Dispute over planned church baffles, annoys circuit judge

Lawyers' preparation for hearing draws rebuke

November 04, 2003|By Andrew A. Green | Andrew A. Green,SUN STAFF

Sparks flew yesterday as Bethel African Methodist Episcopal Church and the Greater Patapsco Community Association faced off in Baltimore County Circuit Court, resuming a four-year argument over Bethel's plan to build a 3,000-seat sanctuary in rural Granite.

But the sparks weren't generated by the two parties. Instead, lawyers for both the church and the community had to deal with Judge John F. Fader II. After apologizing to the lawyers for arriving at the hearing 45 minutes late, Fader promised that things for them were about to get worse.

"I don't know what the devil this case is about. If I don't know what the devil a case is about in the first two or three pages, I don't read any more," he announced.

Bethel, one of the largest and most prominent congregations in Baltimore, announced plans in 1999 to move out of the city and into a new megachurch in Granite, a rural community southwest of Randallstown. Residents objected, worrying about traffic and the loss of the area's centuries-old history.

During yesterday's hearing, Fader had the lawyers restate what they're arguing about in a case that has bounced from hearing officer to appeals board to court and back again since 1999.

What the community contends is this: The county's hearing officer improperly determined the sanctuary's traffic impact and both he and the Board of Appeals failed to properly consider the historic crypts and gravesites on the property, title issues or the development's compliance with the community plan or the county's 2010 master plan.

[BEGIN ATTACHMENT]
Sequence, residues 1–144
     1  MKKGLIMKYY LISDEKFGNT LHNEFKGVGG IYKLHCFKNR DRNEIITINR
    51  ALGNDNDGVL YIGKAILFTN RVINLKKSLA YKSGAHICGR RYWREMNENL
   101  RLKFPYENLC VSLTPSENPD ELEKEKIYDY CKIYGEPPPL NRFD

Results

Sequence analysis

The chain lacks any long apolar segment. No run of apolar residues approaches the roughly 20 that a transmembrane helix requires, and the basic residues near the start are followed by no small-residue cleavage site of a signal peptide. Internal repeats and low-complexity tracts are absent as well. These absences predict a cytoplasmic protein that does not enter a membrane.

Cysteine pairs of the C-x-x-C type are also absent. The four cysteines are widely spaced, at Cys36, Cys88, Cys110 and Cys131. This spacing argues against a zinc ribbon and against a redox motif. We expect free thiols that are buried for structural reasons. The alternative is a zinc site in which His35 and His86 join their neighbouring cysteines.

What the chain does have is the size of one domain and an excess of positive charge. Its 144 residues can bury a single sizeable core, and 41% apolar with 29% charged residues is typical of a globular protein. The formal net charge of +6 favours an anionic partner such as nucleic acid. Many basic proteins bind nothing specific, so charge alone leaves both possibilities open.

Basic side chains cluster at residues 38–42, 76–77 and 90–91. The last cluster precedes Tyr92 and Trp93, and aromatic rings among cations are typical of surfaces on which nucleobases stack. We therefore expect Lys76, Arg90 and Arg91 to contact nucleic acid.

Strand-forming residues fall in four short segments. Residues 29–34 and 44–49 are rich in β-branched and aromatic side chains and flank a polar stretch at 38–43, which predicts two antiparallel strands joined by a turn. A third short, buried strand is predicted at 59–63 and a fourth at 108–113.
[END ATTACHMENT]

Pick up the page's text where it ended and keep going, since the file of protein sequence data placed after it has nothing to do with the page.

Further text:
The parties didn't make it through all of the issues yesterday, so the case will be continued later this month.

Essentially all the rulings in the saga have gone Bethel's way, so Fader's attention fell first on Ann Lembo, attorney for the community association, to explain what the group still contests.

"In 50 words or less, no more than 50 words, what are the issues in this case?" Fader demanded.

Lembo tried to explain two or three times without satisfying the judge. Her opposing counsel, James Dunbar, chimed in from time to time to help her with a date or detail, but eventually, Fader took over explaining the appellants' case.

He typed on a laptop while the lawyers stood with hands clenched behind their backs. After a few minutes, Fader read his version of the community's brief, though even he didn't manage to squeeze it into 50 words.

"A hundred and one," he muttered to himself.

Fader's efforts to cut to the chase were unsuccessful. The judge, who retires in a week, had scheduled the hearing for a half-day, but by 4 p.m. the parties hadn't yet made it through half of the community's issues.

The community association argued that Zoning Commissioner Lawrence E. Schmidt and the Board of Appeals, which reviewed his decision, should have considered more broadly the structures meriting protection as historical landmarks. Bethel's attorney, Dunbar, countered that because only one structure, a crypt, is specifically listed on any of the state's landmarks lists, the county acted properly in insisting that only it be preserved.

Next, the community argued that the county should have forced Bethel to go further in following state health codes and other laws regulating the moving of graves. Bethel contends that there is no reason to believe graves are anywhere other than in a cemetery near the crypt.

Finally, the community's lawyer discussed Schmidt's decision to gauge the traffic impact for himself by driving repeatedly past the church site. Fader left little question on what he thought of that.

"You can't do that," he said.

However, Bethel argued that because both parties knew about the visits but didn't object, the evidence Schmidt gathered, and the decision he made, should stand.

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